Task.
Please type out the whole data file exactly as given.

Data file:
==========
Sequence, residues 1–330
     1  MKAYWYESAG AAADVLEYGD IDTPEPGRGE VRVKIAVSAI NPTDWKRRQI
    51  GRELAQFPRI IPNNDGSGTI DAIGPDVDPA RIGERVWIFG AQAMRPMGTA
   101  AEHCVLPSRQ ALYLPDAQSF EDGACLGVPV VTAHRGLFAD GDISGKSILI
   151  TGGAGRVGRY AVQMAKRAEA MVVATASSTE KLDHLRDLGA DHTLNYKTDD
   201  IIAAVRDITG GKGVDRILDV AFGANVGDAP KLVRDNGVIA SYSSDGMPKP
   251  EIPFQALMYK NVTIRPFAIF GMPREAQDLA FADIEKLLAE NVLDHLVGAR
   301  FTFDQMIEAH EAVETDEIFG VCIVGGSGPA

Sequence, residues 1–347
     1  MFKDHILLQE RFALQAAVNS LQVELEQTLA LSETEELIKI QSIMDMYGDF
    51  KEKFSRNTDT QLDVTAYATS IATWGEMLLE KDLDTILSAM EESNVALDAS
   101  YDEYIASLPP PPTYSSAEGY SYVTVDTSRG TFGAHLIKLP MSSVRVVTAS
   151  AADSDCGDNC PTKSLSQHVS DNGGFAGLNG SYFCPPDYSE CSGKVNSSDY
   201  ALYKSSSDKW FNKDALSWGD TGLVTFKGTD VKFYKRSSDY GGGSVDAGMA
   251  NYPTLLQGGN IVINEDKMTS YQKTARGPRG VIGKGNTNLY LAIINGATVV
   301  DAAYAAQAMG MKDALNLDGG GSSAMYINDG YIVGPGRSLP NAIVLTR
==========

Sequence, residues 1–330
     1  MKAYWYESAG AAADVLEYGD IDTPEPGRGE VRVKIAVSAI NPTDWKRRQI
    51  GRELAQFPRI IPNNDGSGTI DAIGPDVDPA RIGERVWIFG AQAMRPMGTA
   101  AEHCVLPSRQ ALYLPDAQSF EDGACLGVPV VTAHRGLFAD GDISGKSILI
   151  TGGAGRVGRY AVQMAKRAEA MVVATASSTE KLDHLRDLGA DHTLNYKTDD
   201  IIAAVRDITG GKGVDRILDV AFGANVGDAP KLVRDNGVIA SYSSDGMPKP
   251  EIPFQALMYK NVTIRPFAIF GMPREAQDLA FADIEKLLAE NVLDHLVGAR
   301  FTFDQMIEAH EAVETDEIFG VCIVGGSGPA

Sequence, residues 1–347
     1  MFKDHILLQE RFALQAAVNS LQVELEQTLA LSETEELIKI QSIMDMYGDF
    51  KEKFSRNTDT QLDVTAYATS IATWGEMLLE KDLDTILSAM EESNVALDAS
   101  YDEYIASLPP PPTYSSAEGY SYVTVDTSRG TFGAHLIKLP MSSVRVVTAS
   151  AADSDCGDNC PTKSLSQHVS DNGGFAGLNG SYFCPPDYSE CSGKVNSSDY
   201  ALYKSSSDKW FNKDALSWGD TGLVTFKGTD VKFYKRSSDY GGGSVDAGMA
   251  NYPTLLQGGN IVINEDKMTS YQKTARGPRG VIGKGNTNLY LAIINGATVV
   301  DAAYAAQAMG MKDALNLDGG GSSAMYINDG YIVGPGRSLP NAIVLTR